Curiosity leads to epic journey for young couple
By Tyler Whittamore, Sports Editor
Exploring the back yard can lead to some surprising adventures, but an Indianapolis couple has taken that to an extreme.
On May 27, Andy and Lyndsey Mundell hopped in a canoe and set off down the White River in Broad Ripple Park, near their home, and paddled themselves all the way to the Gulf of Mexico.
“There is a creek in our back yard that runs into the White River a couple of blocks away, and I thought it would be cool to follow it,” Andy said. “It’s interesting to think that the water there runs all the way to the Gulf of Mexico.”
It took 36 days to navigate approximately 1,315 miles of the White, Wabash, Ohio and Mississippi rivers, and the couple encountered many tenuous situations during their long boat ride. They enjoyed their time with each other, however, and got to see many sights that they will always remember.
The idea of paddling all the way to the sea might seem crazy, but for Andy and Lyndsey, who were married last October, it was an opportunity that they had to take.
“We’ve always been adventurous,” said Andy. “We thought it would be a great way to start off our many years together.”
Lyndsey attended St. Michael School at a young age and is a 2007 graduate of Franklin County High School. The timing of the trip was important to her because it is her last summer off before she graduates college.
Andy is a teacher at Indianapolis Bishop-Chatard and is one of those few who is fortunate to have every summer off.
Although both of them have some experience with the outdoors, neither Andy nor Lyndsey would be considered experts in river navigation.
The couple did prepare for their journey. Packing canned food, crackers, water and other provisions into the canoe, as well as stowing a smart phone to keep in contact with friends and relatives.
“I took out the phone and updated our status on Facebook when we stopped to make camp at night,” said Andy. “It was amazing that we had people at home following us on our journey.”
Lack of sleep and physical fatigue plagued the paddlers, and three weeks in they both needed a break. The couple stopped in a small town, called Helena, which was nestled on the river.
“I got to the point that I was so dirty and just wanted to stay in a hotel,” said Lyndsey. “The people there were really great, and it gave us an opportunity to recharge our batteries.”
Andy and Lyndsey’s perspective during the trip was one that is right out of a Mark Twain novel. The couple encountered plenty of wildlife while on the water, including an alligator, many types of birds and a majestic beaver that waddled near the boat and was less afraid of them then they were of it.
One of the toughest obstacles the pair faced was personal hygiene. Hot sun, hours of paddling and the humidity made keeping fresh a challenge. Their only advantage was that, most of the time, no one else was around to notice.
“We smelled,” Lyndsey said. “We didn’t want to ruin anyone’s dinner, but there were times we just needed a cold Dr. Pepper.”
“Sometimes we bathed in the river,” she added. “Andy said that if we were dirtier than the river, then the river could clean us.”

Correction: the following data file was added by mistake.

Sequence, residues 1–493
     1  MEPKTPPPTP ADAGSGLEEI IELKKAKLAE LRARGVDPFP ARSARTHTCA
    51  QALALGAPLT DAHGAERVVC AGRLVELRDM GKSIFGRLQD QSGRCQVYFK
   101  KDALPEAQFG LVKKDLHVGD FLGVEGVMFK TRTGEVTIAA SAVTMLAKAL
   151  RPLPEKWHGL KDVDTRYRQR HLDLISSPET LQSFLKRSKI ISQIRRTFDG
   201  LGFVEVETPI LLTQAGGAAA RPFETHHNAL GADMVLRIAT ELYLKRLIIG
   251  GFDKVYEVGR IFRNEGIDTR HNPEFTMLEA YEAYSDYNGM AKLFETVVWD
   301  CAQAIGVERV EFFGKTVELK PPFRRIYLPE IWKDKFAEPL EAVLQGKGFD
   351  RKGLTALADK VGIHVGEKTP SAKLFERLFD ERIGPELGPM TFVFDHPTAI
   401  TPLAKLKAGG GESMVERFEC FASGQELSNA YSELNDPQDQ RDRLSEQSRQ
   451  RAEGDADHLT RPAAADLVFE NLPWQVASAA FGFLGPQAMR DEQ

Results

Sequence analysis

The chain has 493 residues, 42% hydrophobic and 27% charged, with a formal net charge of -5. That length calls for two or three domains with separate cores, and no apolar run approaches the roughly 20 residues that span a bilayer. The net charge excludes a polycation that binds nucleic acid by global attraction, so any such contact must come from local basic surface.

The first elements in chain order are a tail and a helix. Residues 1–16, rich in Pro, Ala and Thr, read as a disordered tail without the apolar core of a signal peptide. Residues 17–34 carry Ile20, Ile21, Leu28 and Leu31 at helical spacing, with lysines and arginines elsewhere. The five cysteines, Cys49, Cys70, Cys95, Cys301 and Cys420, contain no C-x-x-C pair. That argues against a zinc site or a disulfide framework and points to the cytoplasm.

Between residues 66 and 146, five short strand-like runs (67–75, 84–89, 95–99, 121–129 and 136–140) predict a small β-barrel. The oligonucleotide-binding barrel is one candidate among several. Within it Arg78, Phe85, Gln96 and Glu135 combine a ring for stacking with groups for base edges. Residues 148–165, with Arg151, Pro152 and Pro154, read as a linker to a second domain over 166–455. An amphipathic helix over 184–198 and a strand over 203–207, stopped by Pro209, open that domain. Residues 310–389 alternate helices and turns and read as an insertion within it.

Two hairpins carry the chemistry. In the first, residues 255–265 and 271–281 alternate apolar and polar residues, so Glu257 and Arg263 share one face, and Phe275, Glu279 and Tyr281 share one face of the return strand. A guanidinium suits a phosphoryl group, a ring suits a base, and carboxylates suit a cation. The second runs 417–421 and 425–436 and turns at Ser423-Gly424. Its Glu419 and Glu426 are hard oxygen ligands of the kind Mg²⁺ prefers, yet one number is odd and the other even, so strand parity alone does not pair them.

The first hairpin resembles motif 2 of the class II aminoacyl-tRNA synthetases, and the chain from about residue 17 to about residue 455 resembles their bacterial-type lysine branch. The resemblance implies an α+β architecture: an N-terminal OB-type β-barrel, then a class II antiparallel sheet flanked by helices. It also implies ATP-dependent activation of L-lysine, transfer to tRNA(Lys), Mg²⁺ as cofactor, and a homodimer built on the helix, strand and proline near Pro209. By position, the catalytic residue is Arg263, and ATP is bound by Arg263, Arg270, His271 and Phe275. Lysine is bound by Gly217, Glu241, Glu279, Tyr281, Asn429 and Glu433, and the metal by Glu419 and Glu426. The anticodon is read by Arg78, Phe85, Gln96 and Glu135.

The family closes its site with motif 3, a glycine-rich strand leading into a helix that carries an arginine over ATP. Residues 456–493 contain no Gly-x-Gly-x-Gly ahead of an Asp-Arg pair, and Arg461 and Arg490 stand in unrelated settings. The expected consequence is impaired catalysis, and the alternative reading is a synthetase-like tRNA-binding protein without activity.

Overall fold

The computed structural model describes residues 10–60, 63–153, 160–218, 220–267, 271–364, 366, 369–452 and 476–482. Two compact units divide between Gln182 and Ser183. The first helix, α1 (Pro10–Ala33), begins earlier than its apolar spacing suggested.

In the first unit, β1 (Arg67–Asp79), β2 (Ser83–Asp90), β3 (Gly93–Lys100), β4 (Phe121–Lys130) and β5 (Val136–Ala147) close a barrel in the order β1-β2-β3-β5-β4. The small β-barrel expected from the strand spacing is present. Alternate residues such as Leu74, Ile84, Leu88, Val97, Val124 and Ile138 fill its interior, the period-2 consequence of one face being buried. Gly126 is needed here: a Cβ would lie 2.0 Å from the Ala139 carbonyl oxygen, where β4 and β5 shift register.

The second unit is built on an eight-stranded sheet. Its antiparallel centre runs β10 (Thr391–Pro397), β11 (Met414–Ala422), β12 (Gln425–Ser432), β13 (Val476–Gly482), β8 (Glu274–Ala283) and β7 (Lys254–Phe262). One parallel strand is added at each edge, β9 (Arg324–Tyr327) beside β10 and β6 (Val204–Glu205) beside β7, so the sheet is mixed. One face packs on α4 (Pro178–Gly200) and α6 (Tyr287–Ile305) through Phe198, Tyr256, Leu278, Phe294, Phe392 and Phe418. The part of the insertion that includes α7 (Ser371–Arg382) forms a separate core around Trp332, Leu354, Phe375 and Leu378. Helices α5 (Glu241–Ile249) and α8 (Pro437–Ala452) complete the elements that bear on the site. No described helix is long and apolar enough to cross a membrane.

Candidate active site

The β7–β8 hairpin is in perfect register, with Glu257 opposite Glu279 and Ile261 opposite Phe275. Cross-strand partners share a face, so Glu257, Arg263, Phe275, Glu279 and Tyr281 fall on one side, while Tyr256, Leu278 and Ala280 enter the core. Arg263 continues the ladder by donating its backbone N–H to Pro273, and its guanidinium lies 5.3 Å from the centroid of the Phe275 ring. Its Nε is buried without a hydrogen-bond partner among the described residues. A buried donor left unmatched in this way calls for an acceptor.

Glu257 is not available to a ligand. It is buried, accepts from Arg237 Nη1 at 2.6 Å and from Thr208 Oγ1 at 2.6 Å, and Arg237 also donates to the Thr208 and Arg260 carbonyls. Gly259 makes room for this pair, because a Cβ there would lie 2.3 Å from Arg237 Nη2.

The two saw their fair share of boats during their getaway, especially barges.
“We saw fishing boats and lots of barges,” said Lyndsey. “(The Ohio River) was the first time we had seen barges, but the boats in Baton Rouge (LA) made those barges look like our canoe.”
This was no vacation, however. The couple had to deal with the hot rays as well as the elements, and on the water there is no place to hide from summer storms.
“One day we saw this huge blackness headed towards us, so we pulled onto a huge sand bank to wait it out,” said Lyndsey. “It ended up being a lot worse than we thought. There was a wall of wind that unearthed our tent, and there was sand everywhere. We tried to find shelter, but we had to hunker down and wait for the wind to stop.
“The sand was like little needles cutting our skin,” she added. “It was terrifying. We stopped in a town the next day, and a guy said the storm took trees down.”
Despite the tough and arduous journey, the two Hoosiers had experiences on their voyage that will last a lifetime. It also gave the pair a lot of quality time to spend with each other and helped to solidify their relationship.
“When you are arguing on a boat, there is no place to go,” said Lyndsey. “You can’t run away.”
The couple made their way past New Orleans, where they honeymooned after their wedding, and reached their goal of making it to salt water before turning around and finally bringing their voyage to an end at the port city.
Andy and Lyndsey enjoyed a few nights there before packing up their canoe and heading home.
“The trip back was much faster,” said Andy. “It took only 13 to 14 hours.”
“We enjoyed being free from technology and having our lives void of that,” said Lyndsey, “but at the same time I was ready to see my friends and family again, and I couldn’t wait to tell them all the stories of our trip.”
While Andy and Lyndsey may not make this trip again, it is clear they have no regrets about putting the ball in the water. Waking up at dawn and starting down the river provided both individuals with a peaceful sunrise that made the trip worth it.
“When it was really hot during the day, we would get an early start in the morning and go until it was too hot,” said Andy. “We would hit the water around 5 a.m. every morning.”
He added, “You’re paddling under the last remaining stars and the sun is rising on the Mississippi River. Moments like that are why we made the trip. It was one-of-a-kind, awesome.”
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